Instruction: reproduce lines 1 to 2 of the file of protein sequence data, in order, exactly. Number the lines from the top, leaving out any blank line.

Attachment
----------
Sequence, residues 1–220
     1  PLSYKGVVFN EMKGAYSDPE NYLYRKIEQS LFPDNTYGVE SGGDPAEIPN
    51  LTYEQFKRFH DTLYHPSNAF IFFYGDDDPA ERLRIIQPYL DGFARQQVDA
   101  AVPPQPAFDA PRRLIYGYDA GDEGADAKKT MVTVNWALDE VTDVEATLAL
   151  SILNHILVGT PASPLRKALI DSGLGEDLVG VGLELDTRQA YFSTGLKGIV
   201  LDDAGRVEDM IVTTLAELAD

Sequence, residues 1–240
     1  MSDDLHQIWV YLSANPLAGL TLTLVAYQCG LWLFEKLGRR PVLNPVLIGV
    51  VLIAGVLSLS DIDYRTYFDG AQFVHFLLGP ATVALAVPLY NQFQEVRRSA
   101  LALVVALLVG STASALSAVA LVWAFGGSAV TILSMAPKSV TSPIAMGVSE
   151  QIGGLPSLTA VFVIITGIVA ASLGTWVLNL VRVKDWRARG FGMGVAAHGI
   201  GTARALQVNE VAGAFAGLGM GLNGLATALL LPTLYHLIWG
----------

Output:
Sequence, residues 1–220
     1  PLSYKGVVFN EMKGAYSDPE NYLYRKIEQS LFPDNTYGVE SGGDPAEIPN